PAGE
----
David haas 2012-03-20 20:05:29
and why do some have it and some don’t? It doesn’t seem to make any
difference what the religion is either. You must address that in your
“Consistency requires you be as ignorant today as you were a year ago.”
Charles & mamb 2012-03-20 20:06:02
Huh? Who the h*** you talking to?
Got to be a Chocolate Jesus, better than a cup of gold
See, only a Chocolate Jesus can satisfy my soul
When the weather gets rough and its whiskey in the shade
Best to wrap your Savior up in cellophane
He flows like the Big Muddy, but that’s okay
Pour him over ice-cream for a nice parfait…
Got to be a Chocolate Jesus, make me feel so good inside
Got to be a Chocolate Jesus, keep me satisfied
Raven1 2012-03-20 20:06:12
A misspellllign of “religioeus faith”, I gueess… BTW,
Christopher a. 2012-03-23 05:53:46
Conditionedsou 2012-03-23 05:54:10
First of all, what is meant by “religious faith”? Many religions
require not much faith at all (Jainism, Buddhism, Taoism,
Confucianism, many forms of “Hinduism”). Other, monotheistic ones,
stress faith but this can be taken two ways. One is that they have
faith in something which they can’t and/or don’t know, namely God
and/or His concern with them. The other kind of “faith” is the kind of
strong conviction that is the result of direct personal experience.
With that in mind, we can say that those who have the first kind of
faith I mentioned do so because they feel that they have a greater
chance of obtaining Truth if they’re willing to take the risk of being
wrong. Being skeptical about everything may be a more secure way, but
it’s definitely slower. Imagine if you lived life that way; never
taking risks. Beliefs/faith/ideas are nothing more than motivations
for action and different modes of living. Anyone who claims *absolute*
knowledge of anything in the phenomenal world is dreaming (quite
literally, according to some religions). As for the second kind of
faith, there is obviously no question of why those who have this kind
of faith simply do so. It is simply a tautology.
Btw, so-called “blind faith” is an ad hoc concept concocted by
atheists. However, there are many who believe things just because
they’ve simply never thought of how their beliefs could NOT be true.
Believing what you’re told is a much too convenient way of reducing
the mental load.
In conclusion, “religious faith” or lack thereof is based on our
individual psychological make-up, which is in turn determined by our
experiences/activities. Every action has a reaction and those
reactions elicit experiences, which in turn influence further actions.
Everyone’s psyche is determined by this cycle of action and reaction.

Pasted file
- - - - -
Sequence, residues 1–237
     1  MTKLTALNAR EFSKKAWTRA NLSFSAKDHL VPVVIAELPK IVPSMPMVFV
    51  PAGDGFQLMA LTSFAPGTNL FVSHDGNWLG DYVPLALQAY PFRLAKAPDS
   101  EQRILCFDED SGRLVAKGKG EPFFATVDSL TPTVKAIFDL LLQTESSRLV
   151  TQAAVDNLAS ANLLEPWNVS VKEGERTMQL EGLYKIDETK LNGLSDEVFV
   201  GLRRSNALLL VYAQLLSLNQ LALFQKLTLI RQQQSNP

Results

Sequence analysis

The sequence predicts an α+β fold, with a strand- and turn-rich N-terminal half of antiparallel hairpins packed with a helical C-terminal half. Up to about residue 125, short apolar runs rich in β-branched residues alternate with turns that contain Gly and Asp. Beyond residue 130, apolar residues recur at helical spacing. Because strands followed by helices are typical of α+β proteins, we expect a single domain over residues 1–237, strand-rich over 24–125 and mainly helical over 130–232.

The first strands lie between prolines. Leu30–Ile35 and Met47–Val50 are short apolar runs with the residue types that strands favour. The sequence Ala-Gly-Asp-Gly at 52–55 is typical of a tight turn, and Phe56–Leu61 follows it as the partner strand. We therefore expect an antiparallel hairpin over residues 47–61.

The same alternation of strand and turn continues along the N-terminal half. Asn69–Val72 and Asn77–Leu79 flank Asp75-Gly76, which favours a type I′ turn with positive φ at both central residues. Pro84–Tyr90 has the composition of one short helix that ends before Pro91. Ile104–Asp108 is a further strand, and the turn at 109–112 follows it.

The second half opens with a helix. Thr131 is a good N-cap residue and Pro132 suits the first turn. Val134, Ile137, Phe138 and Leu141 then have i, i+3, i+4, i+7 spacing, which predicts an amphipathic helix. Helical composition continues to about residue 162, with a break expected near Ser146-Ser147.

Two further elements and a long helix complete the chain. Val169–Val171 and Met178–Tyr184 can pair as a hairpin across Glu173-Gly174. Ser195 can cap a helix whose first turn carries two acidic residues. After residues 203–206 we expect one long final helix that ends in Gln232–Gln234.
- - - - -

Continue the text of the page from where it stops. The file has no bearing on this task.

Because everyone’s activities/experiences/pysche are different, there
is really no such thing as an objective *point* of view. Unless, that
self can step outside of the self, that is. This is, of course, impossible.
Brian henderso 2012-03-24 22:46:52
On 19 Jul 2003 10:43:23 -0700, email@example.com (jiva)
That’s simply not true. I’ve been told by *MANY* theists that even if
it was proven absolutely that God wasn’t real, they would still
believe because their entire lives are based around that ‘fact’.
Without God, even if God doesn’t exist, they’d have nothing to live
Pathetic but true.
Conditionedsou 2012-03-28 06:41:51
Forgive me if I’m immediately skeptical. First of all, if a so-called
“theist” says that, can he even be really called such? Does he
actually have ANY faith, let alone blind faith? People who have real
faith in God give their lives to Him. Who gives their lives to
something which they accept as proven NOT to be true? Who truly
believes in ANYTHING without good reason? Growing up atheist, this was
one of the things I found most hypocritical of theists. They say they
believe in God and even love God, but they don’t really show it at all
in neither their behavior nor their mentality.
In Christianity, there have been attempts at radicalizing the
understanding of God in order to “save” the religion. In fact, some
even call for an “atheistic Catholicism” in which God is rejected and
the Christian focuses entirely on Jesus and His life as a source of
inspiration. Similarly, we’ve been asked to “take a leap of faith” in
God (Kierkegaard) and reunite with “the ground of all being”
(Tillich). Then there’s the pantheist’s way around the problem of
believing in something which you have no experience of and accepting
that there is much proof against it; just change the definition.
Consider also fideist thinkers who claim that belief in God does not
have to be justified in any way. None of these radical approaches to
understanding God actually represent any real faith in God at all,
what to speak of blind faith.
When all is said and done, “blind faith” becomes not even an oxymoron,
but an expression that is *totally* self-contradictory and therefore
impossible. If your faith is “blind”, then it follows that it is not
really “faith”. I have faith that my father is not planning to bomb a
government building. What proof do I really have that this is true?
All I can go on is lack of evidence and positive evidence of the
opposite conclusion. If it were true that he does, in fact, have such
a plan, I would certainly be shocked and distraught because what I
thought I was sure of turned out to actually be false.